Am I a digital dinosaur?

Although I have taken digital photography to my heart, I am rather old-fashioned in my general views of the art, as I am frequently reminded.

Every week, online newsletters tell me how to fix photos by digital trickery: dropping in a ‘better’ sky (there are even complete apps/programs to do this – for example), using special effects to jazz up a boring scene, or putting together different elements for a postcard-bright result.

My response to 90% of such tips is “Sigh. It would have been better to throw away the poor shot and wait till you got a good one.” Of course, any file straight out of the camera needs some adjustment of contrast, and sometimes saturation or colour balance, to represent “how it was” or “how I envisage the result”, but that isn’t what I’m talking about.

I am also frequently exhorted to go out and take hundreds of shots because, “with digital, it costs nothing”. What they omit to mention is that, if you take hundreds, most of them will probably be pretty average unless you are an extraordinarily gifted and lucky person.

And in an online forum I frequented, I once had a long and fairly impassioned correspondence about the importance of effort before and after pressing the shutter button. I feel it is more of an achievement to get a good photo in camera than to do it in PhotoShop. My correspondent viewed the end result as all-important, however it was attained.

For me, the process of getting my images is an important part of the end result. Not only because I feel that a photo that captures some aspect of a real place and time has a certain integrity, but because an image that took care and forethought to get is more of a personal triumph than one turned out from the computer using premade bits and pieces. As I do photography for my own pleasure, that’s an important consideration

sleeping piglet and sow

So, I am probably a bit odd because I’d rather go back repeatedly to a location till the light or weather is right before taking what I think is the best photograph I can make. While I am there, I spend more time looking, and less time pressing that seductive shutter button. The more selective I am, the better, on average, the results are. (And the less time I need waste in weeding out duds afterwards. As it is, I have thousands of images squirrelled away, many of which should be deleted!)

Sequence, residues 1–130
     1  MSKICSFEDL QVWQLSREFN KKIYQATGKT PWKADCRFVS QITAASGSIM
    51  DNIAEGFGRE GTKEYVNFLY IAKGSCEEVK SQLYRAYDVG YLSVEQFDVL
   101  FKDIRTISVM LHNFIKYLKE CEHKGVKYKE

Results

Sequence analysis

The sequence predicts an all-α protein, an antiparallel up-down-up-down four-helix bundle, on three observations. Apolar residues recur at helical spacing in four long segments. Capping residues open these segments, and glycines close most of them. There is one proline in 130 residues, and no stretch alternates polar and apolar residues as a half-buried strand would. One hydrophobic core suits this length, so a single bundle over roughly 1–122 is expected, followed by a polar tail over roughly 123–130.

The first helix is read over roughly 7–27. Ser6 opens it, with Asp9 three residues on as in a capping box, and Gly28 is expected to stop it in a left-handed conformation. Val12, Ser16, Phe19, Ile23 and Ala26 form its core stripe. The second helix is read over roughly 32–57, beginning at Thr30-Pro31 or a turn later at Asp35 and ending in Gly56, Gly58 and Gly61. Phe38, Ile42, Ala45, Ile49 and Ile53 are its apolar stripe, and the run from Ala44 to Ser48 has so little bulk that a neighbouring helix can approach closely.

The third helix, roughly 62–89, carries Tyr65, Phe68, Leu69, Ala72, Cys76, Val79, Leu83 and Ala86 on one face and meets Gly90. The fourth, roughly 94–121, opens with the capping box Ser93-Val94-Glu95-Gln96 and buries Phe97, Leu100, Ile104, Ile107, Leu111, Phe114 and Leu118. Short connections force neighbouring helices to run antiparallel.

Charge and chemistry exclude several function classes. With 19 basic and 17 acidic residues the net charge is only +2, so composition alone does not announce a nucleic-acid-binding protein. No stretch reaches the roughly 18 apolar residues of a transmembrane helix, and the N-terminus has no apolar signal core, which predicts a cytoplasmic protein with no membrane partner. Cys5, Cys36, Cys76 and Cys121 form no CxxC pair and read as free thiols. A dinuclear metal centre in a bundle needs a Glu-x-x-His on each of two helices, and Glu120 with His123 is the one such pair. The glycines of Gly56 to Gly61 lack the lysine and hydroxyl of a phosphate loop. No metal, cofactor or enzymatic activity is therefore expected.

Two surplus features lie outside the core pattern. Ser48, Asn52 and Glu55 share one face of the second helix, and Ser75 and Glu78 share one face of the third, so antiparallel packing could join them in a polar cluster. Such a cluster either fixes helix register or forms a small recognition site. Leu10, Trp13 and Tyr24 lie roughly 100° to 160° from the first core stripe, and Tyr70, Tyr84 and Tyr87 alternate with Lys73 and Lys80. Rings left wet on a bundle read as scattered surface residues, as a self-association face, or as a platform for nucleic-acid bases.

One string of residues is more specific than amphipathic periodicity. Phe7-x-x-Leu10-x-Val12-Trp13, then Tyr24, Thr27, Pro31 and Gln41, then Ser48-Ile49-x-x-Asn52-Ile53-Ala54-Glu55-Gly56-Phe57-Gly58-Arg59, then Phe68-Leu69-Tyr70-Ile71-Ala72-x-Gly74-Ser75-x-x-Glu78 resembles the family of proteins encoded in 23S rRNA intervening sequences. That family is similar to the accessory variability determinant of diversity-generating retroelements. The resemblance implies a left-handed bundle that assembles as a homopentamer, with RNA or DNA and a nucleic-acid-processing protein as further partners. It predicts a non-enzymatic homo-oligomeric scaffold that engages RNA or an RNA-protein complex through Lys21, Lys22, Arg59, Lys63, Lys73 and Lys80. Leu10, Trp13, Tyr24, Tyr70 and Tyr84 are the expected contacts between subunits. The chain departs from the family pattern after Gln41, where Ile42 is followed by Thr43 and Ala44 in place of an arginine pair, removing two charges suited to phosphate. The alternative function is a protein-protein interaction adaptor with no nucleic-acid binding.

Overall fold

Of course, the results of extensive PhotoShopping can be just as eyecatching (if not more so) than my modest efforts, but that’s just not what I want to do.

I’d rather accept that sometimes, the good photo just isn’t there, and that no amount of fiddling about is going to make up for deficiencies of location, weather or light. Silk purses and sow’s ears come to mind: and not in the harmonious context of the above image, either!

Here’s a mini case study. One of my favourite subjects is beach huts, which are plentiful at Lyme Regis. I have the opportunity to revisit often, and choose the best lighting conditions. In the examples below, you can see how different the same scene looks in mid-afternoon, and at sunset on the few weeks of the year when the setting sun strikes the faces of the huts. How much more satisfying to visit on the perfect winter evening and get the image right, there and then, rather than spending hours torturing the rather ordinary version into something more interesting.

(Postscript: these lovely structures have now succumbed to the vagaries of coastal erosion, and replaced by rather boring square cabins.)